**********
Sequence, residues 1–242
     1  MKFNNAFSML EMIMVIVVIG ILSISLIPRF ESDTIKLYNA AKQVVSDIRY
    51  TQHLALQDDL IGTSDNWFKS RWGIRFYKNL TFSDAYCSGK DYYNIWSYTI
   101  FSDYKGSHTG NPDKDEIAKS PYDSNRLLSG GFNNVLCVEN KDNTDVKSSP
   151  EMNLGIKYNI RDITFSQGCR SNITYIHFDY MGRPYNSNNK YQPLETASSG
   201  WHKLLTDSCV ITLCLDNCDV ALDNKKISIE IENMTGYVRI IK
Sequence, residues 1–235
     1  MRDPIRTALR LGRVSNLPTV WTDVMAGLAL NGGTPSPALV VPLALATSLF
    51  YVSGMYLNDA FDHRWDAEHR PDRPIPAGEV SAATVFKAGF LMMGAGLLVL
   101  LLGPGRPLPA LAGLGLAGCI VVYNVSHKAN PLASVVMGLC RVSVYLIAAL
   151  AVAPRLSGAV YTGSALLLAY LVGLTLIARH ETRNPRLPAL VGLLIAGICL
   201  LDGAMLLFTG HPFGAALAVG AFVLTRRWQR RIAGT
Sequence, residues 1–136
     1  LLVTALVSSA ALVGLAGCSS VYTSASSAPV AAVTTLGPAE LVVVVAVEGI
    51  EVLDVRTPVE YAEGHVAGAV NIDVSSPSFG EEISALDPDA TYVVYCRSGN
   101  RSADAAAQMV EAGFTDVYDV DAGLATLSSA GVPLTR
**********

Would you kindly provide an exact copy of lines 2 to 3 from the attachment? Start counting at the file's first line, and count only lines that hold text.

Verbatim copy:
     1  MKFNNAFSML EMIMVIVVIG ILSISLIPRF ESDTIKLYNA AKQVVSDIRY
    51  TQHLALQDDL IGTSDNWFKS RWGIRFYKNL TFSDAYCSGK DYYNIWSYTI